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Baghdad and Erbil are set to reach an agreement over crude oil exports from Iraq’s semi-autonomous Kurdistan region within the next two weeks, Iraq’s oil minister said on Wednesday.
“All indicators are positive,” Iraq’s oil minister, Hayyan Abdul Ghani, said this week. “Regarding the agreement with the Region, we have reached the final stage and hopefully we will reach the final agreement on the exportation of crude oil within a maximum of two weeks,” he said, adding that all points have been agreed on except how Iraq will deal with the bank account where Erbil’s oil money is kept.
Iraq’s Prime Minister, Mohamed Shia al-Sudani, said weeks ago that Iraq would restart the export of crude oil from the Kurdistan region within days after the deputy speaker of the Iraqi parliament said that Erbil and Baghdad had ironed own most of their differences with regard to Kurdistan region’s oil exports and that all that was needed was to hammer out some details.
Today or tomorrow, we will go to sign the agreements with SOMO and the oil companies to resume exports,” PM Al-Sudani told Rudaw in mid-April. But the oil has not resumed flowing.
Kurdistan’s crude oil exports – around 400,000 to 450,000 bpd shipped through an Iraqi-Turkey pipeline to Ceyhan and then on tankers to the international markets – were halted in late March by the federal government of Iraq.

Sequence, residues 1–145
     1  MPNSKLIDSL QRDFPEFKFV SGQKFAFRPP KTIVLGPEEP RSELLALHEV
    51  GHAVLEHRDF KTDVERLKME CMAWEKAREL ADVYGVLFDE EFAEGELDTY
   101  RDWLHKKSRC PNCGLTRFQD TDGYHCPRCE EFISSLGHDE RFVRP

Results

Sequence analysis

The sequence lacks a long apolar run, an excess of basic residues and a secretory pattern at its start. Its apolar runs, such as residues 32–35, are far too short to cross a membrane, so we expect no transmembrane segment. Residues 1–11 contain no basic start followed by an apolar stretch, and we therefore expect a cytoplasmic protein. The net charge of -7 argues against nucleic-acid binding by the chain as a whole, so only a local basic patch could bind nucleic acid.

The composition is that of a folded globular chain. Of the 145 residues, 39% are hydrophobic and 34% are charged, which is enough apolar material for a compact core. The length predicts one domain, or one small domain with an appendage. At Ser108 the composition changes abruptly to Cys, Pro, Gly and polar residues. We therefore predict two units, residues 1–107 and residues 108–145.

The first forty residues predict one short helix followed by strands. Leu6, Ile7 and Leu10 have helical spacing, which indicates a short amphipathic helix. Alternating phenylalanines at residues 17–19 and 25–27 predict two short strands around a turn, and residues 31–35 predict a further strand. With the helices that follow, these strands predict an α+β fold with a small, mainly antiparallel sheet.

A few days earlier, the International Chamber of Commerce ruled in favor of Iraq against Turkey in a dispute over crude flows from Kurdistan. Iraq argued that Turkey shouldn’t allow Kurdish oil exports via the Iraq-Turkey pipeline and Ceyhan without approval from the federal government of Iraq.
The court ruled that Turkey should pay Iraq compensation of $1.5 billion for what now appears to be illegal exports of oil over five years. Turkey then shut off the Kirkuk-Ceyhan pipeline in response, which suspended the flow of oil from the Kurdistan region. Kurdistan’s oilfields also shut down due to a lack of storage.
The negotiations between Baghdad and Erbil are focused on who gets more control over the oil flows, with both sides being forced to make concessions so exports can resume.
By Julianne Geiger for Oilprice.com
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Julianne Geiger is a veteran editor, writer and researcher for Oilprice.com, and a member of the Creative Professionals Networking Group.